It called for a 70% elected House of Lords, state funding for political parties and electoral reform. It advocated a responsive electoral system— offering voters a greater choice and diversity of parties and candidates—should be introduced for elections to the House of Commons, House of Lords and local councils in England and Wales to replace FPTP.
Nothing came of it. The Commons debated Lords reform, under pressure from the cash for peerages issue, and MPs ended up voting for a 100% elected second chamber. This went far beyond Blair’s position of 50% elected and 50% appointed and it was never implemented.
When Gordon Brown became Prime Minister he said that he would welcome a wider debate on electoral reform. This, however, soon joined House of Lords reform in the long grass.
The left have always been divided over electoral reform under pressure from the Labour left many of whom have always defended FPTP sometimes more strongly than the right.
The 2011 referendum on AV (which rejected AV) was a disaster for electoral reform. It took place because was part of the coalition agreement with the LibDems. The Tories agreed to the referendum and then led the NO2AV campaign and made sure that it was defeated.
AV was defeated because it was opposed by the bulk of the political establishment, much of the left, including the socialist left, the media, and the trade unions.
Its outcome was a disaster not just because AV is better than FPTP, but because the referendum was a choice between AV and FPTP and a No vote was inevitably interpreted as an endorsement of FPTP. Cameron’s answer today to the disproportionate outcome of the election is that FPTP was put to a referendum in 2011 and people voted overwhelmingly in favour of it.
Labour was divided over it AV. Ed Miliband, as Labour leader, was for a Yes vote but over 200 Labour MPs and peers declared for a No vote.
The left was also divided. The Green Party and Plaid called for a yes vote whilst Socialist Party, Respect, the Green Left, the CPB and the Labour Representation Committee called for a no vote.
Most unions were strongly pro-FPTP. Some send out anti-AV leaflets to their members— including the GMB, Aslef and the Prison Officers’ Association. They joined the official No2AV campaign dominated by the Tories. Unite also campaigned against AV and for FPTP.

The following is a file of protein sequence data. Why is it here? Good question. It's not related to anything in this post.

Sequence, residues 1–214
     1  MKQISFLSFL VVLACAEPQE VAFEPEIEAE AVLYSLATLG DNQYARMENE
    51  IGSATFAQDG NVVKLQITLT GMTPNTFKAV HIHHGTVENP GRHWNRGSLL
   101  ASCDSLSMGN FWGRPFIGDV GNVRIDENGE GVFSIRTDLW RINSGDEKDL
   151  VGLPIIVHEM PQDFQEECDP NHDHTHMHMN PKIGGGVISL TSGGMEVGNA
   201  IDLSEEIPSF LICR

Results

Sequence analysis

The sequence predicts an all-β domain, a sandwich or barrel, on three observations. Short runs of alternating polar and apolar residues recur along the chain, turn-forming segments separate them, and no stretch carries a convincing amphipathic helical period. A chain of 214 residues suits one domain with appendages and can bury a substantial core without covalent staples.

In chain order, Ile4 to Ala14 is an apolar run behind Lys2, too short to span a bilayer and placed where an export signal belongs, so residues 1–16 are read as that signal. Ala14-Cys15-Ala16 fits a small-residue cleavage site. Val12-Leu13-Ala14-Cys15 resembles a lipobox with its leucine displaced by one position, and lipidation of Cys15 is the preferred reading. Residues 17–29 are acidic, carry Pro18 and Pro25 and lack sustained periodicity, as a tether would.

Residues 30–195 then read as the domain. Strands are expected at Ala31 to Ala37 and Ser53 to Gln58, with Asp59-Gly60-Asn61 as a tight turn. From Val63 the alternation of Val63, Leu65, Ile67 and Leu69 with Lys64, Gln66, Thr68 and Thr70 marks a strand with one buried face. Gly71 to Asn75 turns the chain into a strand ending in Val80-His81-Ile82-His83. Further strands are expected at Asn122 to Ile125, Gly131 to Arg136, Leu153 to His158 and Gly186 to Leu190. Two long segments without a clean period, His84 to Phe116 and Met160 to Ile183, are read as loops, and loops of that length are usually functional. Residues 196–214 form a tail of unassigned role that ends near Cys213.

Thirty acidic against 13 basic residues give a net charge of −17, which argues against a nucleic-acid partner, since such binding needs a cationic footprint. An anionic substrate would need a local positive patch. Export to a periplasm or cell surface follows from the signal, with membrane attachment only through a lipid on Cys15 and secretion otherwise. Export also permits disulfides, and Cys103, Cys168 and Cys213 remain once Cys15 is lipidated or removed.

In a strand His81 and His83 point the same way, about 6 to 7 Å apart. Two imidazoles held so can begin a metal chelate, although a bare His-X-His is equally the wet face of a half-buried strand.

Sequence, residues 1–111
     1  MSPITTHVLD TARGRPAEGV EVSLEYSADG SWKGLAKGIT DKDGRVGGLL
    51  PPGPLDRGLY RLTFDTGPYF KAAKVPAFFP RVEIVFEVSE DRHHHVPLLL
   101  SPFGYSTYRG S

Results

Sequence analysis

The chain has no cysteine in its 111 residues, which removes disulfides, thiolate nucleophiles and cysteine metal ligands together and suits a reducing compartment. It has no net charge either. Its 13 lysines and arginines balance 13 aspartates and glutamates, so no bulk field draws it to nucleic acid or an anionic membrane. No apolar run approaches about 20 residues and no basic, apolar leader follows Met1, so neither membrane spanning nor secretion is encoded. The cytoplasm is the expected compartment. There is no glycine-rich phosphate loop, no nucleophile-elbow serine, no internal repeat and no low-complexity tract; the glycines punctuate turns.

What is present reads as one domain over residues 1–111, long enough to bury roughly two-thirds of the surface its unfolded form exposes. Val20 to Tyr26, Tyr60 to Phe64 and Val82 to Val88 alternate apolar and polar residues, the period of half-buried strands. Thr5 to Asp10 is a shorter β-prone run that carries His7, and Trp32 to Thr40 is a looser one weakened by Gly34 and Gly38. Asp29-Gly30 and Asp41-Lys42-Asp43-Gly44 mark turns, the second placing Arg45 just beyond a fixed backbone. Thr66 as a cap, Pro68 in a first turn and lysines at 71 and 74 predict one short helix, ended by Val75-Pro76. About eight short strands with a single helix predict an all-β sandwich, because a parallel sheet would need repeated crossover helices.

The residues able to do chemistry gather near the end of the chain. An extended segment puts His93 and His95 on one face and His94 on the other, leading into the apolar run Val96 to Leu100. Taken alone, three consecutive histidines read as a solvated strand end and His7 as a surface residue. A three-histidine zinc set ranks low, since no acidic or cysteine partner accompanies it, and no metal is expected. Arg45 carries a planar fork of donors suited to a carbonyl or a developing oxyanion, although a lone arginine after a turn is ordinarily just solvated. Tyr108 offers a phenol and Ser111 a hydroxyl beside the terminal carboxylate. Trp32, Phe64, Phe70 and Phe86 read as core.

Paul Kenny of the GMB said his union had “long held the policy that the tried and tested first-past-the-post is the system that should be used for general elections for the UK Parliament”. He said FPTP delivered strong, single-party government, was easy to understand and had a “strong constituency link”.
The only two unions to declare for AV were the CWU and the PCS.
AV is not a proportional system, of course, and would not have produced a proportional Parliament—that would still have to be fought for. But it was a lot better than straight FPTP—particularly for small parties since it would allow voters to express their genuine preferences without the pressure to vote tactically because the votes of the lower placed candidates are redistributed until a candidate emerges with over 50% of the vote.
It would also ensure that all MPs are elected on the basis of majority support and would undermine, least to some extent, the ‘safe seat’ syndrome that disenfranchises swathes of voters at every election.
Some argued for a No vote on the basis that a Yes vote would set the kind of electoral we need back for a long time. This never made sense, since the thing that would clearly set back real electoral reform the most was endorsement of FPTP.
Labour is junking its previous political positions at a rate of knots since its election defeat, but we can assume that this will not include junking FPTP and putting a serious proposition for PR in its next election manifesto.
The left must not make this mistake and carry on in the same way. Since the election there has (unsurprisingly) been an up-swell of support for electoral reform, which will continue throughout this Parliament.
The Green Party’s Caroline Lucas said in her speech to the packed Brighton Festival on May 9: “The election results have served as a stark reminder that our political system is broken. The time for electoral reform is long overdue. Only proportional representation will deliver a parliament that is truly legitimate, and that better reflects the views of the people it’s meant to represent…” as well as to go on to argue for a progressive alliance against austerity and for progressive policies on climate.
She further argued for “case-by-case electoral pacts, to build a strong progressive alliance to challenge the Tories over the next five years. Clearly in Wales and Scotland, where there are PR elections for the Welsh Assembly and Scottish Parliament, this doesn’t apply, but where First Past the Post continues to distort election results, it should surely be considered.”
Left Unity rightly supports proportional representation but it needs to give the issue a higher priority, to understand that working together with others for a more representative electoral system is not at all counterposed to working to build campaigns against austerity and racism. It should seek urgent discussions with the Green Party and others to explore how best to work together on all these questions.